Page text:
2012-03-25 Vatican RadioOn Sunday, Guanajuato’s monumental statute of Christ the King is the backdrop to Pope Benedict XVI’s first Mass on Mexican soil. This giant bronze statue, 22 meters high, crowns the Cerro del Cubilete, its arms reaching towards Leon city, embracing the region renowned for being the cradle of Mexican spirituality. This statue is a tribute to the price that thousands of Mexican Catholics paid for religious freedom in the last century. They were known as the Cristeros and their motto was Viva Cristo Rey!, Long live Christ the King. Listen to Emer McCarthy's report:
Now an epic film is bringing their story to life and it could not come at a more appropriate time. “We didn’t plan it, and certainly the Holy Father didn’t plan it, but he is going there [Leon], he is going to the heart of Mexico not only its geographical heart but its spiritual heart”, says Mexican business man, proud father of four and erstwhile film producer Pablo Jose Barroso. He is just one of the faces behind For greater glory.
The film, one of the biggest and most expensive in the history of Mexican cinema, tracks the 1926-29 Cristeros War, when in an attempt to stop the governments’ goal of secularising the nation and stamping out the Catholic faith, ordinary people took up arms in a spontaneous uprising. The revolt was sparked by anti-clerical legislation passed by the Mexican President Plutarco Elías Calles. Under these laws church property was seized, all foreign priests expelled, and the monasteries, convents and religious schools closed. The persecution became so fierce that in 1926 Calles ordered the original statue of Christ the King destroyed. “It’s very important that the Holy Father goes down to Mexico to the heart of where this really started. Thousands will be there for him”, Barroso says.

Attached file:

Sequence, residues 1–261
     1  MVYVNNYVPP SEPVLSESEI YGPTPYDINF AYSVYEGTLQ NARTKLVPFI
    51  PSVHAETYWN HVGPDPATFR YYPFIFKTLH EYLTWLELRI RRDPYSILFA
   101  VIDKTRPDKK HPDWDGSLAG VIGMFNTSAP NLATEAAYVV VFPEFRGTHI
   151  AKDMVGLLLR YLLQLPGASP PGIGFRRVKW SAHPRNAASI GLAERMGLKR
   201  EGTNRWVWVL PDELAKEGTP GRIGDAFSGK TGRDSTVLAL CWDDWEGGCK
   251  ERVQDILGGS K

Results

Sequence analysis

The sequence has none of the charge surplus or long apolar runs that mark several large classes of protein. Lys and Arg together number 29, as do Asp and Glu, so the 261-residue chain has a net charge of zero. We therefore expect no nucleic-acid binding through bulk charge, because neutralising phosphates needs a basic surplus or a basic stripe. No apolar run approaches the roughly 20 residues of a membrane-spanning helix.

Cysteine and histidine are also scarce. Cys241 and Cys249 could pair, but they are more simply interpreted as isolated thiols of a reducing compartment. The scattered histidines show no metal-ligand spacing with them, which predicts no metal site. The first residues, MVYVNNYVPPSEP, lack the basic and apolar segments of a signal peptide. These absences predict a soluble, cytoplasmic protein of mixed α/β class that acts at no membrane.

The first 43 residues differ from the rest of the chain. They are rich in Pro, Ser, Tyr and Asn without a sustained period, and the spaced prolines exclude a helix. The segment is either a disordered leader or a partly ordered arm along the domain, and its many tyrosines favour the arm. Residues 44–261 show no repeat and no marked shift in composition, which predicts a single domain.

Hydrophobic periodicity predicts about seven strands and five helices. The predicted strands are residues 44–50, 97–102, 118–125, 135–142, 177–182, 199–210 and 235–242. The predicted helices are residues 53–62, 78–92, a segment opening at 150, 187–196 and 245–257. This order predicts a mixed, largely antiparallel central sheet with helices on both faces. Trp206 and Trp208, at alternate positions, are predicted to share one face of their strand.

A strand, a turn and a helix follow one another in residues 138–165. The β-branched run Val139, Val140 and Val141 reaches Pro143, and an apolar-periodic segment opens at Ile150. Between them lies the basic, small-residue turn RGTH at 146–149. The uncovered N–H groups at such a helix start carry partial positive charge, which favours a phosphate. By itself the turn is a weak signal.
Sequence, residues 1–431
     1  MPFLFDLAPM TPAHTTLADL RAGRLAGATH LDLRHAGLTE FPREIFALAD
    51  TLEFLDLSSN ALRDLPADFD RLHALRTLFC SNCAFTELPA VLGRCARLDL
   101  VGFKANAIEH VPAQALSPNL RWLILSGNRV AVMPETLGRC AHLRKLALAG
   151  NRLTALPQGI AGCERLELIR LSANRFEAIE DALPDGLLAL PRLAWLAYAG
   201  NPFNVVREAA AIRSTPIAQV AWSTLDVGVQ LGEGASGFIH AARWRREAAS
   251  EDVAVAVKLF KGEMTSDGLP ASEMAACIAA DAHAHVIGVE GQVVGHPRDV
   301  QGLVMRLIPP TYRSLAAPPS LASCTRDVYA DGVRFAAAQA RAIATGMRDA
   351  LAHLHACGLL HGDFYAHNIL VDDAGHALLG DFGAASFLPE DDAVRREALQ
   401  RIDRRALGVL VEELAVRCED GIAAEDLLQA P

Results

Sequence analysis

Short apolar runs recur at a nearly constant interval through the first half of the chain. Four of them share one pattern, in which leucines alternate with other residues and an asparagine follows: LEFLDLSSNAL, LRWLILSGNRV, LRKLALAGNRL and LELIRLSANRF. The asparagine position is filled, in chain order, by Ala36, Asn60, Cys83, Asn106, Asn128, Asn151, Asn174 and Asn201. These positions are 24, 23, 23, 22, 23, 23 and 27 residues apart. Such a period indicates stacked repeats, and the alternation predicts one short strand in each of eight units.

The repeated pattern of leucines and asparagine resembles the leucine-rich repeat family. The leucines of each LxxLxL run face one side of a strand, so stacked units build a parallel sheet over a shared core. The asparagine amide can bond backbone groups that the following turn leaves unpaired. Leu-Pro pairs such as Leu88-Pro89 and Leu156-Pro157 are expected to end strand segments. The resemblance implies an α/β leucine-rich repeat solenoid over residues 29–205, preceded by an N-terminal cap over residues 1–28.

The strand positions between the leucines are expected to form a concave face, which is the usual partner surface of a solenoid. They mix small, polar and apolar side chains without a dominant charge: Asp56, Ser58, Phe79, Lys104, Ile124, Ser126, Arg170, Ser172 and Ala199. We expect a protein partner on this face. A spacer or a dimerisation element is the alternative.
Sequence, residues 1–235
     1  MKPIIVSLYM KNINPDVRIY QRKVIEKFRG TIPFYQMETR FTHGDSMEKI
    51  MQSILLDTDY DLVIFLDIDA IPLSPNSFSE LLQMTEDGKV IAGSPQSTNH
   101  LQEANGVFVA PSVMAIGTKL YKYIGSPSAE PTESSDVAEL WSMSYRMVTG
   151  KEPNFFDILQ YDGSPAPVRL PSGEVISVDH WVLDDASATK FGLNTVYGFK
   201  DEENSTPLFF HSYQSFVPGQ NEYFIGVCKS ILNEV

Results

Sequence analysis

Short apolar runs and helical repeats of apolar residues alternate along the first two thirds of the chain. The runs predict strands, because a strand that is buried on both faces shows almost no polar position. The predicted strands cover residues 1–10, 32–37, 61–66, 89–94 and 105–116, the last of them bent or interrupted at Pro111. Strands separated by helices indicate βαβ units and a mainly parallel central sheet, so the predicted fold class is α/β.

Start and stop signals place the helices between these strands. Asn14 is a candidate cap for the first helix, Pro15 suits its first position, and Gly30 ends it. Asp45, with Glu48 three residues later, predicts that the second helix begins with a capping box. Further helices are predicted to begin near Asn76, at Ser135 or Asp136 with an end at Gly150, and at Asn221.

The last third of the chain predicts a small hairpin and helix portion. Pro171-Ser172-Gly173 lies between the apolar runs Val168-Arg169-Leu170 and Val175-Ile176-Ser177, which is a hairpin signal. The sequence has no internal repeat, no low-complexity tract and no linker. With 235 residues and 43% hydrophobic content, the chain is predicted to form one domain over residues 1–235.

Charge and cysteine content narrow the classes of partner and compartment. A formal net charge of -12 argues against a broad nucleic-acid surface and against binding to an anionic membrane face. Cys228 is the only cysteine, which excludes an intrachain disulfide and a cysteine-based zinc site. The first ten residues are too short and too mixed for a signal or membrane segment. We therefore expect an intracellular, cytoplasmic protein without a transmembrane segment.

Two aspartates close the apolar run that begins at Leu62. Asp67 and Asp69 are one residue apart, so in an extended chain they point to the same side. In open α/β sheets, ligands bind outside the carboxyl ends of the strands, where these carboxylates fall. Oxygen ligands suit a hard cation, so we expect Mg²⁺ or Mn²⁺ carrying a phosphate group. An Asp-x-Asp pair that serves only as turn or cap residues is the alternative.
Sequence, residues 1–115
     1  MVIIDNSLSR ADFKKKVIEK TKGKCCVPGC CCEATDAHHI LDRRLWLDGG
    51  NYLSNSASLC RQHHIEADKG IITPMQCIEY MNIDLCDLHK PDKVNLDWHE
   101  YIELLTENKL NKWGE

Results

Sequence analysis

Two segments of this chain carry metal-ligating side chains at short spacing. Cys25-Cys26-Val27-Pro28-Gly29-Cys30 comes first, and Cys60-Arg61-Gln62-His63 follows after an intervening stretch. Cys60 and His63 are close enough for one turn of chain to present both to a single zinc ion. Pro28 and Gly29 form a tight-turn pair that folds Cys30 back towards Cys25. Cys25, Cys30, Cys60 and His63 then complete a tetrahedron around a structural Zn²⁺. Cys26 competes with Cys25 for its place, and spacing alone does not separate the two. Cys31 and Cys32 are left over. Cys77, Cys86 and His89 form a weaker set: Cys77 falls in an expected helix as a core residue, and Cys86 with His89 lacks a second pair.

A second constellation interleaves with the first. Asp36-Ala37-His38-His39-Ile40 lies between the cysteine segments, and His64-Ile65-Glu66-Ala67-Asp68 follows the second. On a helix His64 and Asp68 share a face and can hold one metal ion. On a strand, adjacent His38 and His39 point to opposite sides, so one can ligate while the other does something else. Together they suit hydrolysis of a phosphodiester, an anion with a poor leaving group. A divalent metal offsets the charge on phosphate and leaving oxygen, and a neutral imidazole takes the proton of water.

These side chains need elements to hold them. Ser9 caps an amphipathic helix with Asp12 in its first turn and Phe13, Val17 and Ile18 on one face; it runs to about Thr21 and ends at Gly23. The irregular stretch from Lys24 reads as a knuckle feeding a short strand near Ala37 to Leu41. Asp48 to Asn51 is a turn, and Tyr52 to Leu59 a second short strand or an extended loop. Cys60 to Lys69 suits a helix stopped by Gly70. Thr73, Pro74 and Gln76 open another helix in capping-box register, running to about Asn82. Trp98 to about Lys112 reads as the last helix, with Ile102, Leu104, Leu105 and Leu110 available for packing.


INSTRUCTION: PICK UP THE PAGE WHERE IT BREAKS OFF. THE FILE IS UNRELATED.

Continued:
Ahead of the Pope’s departure, Vatican journalists were given the rare treat of a special preview of the film. Directed by Dean Wright, For greater glory follows the true life stories of many of those who went on to become martyrs for the faith, some of whom have since been canonized and beatified. One of the most moving perhaps, is that of 14-year-old Jose Sanchez del Rio, who was beatified by Pope Benedict XVI in 2005. Excellently portrayed by the young Mexican actor Mauricio Kuri, suffice it to say there wasn’t a dry eye in the house, as the story of one of the youngest martyr in the Cristeros war unfolded.
“The movie is very important because it is about ordinary people fighting for religious freedom, which is also a difficult issue in these times, not only in the middle east where Christians are killed for their faith but also for example in the United States were Catholics are being forced to do things that go against their moral values”, noted Barroso. “I think it’s a very relevant story”.
Also starring Andy Garcia as the reluctant hero General Enrique Gorostieta Velarde, and Peter O’ Toole as an utterly convincing elderly and compassionate priest, the film runs at just under two hours, but the pace is fast enough to keep viewers involved. Apart from breathtaking locations, high quality performances and amazing action sequences, for the uninitiated, For greater glory is not only a lesson in history but in what it really means to stand up for what you believe in.
For Greater Glory opens in cinemas in Mexico April 20, in the USA June 1.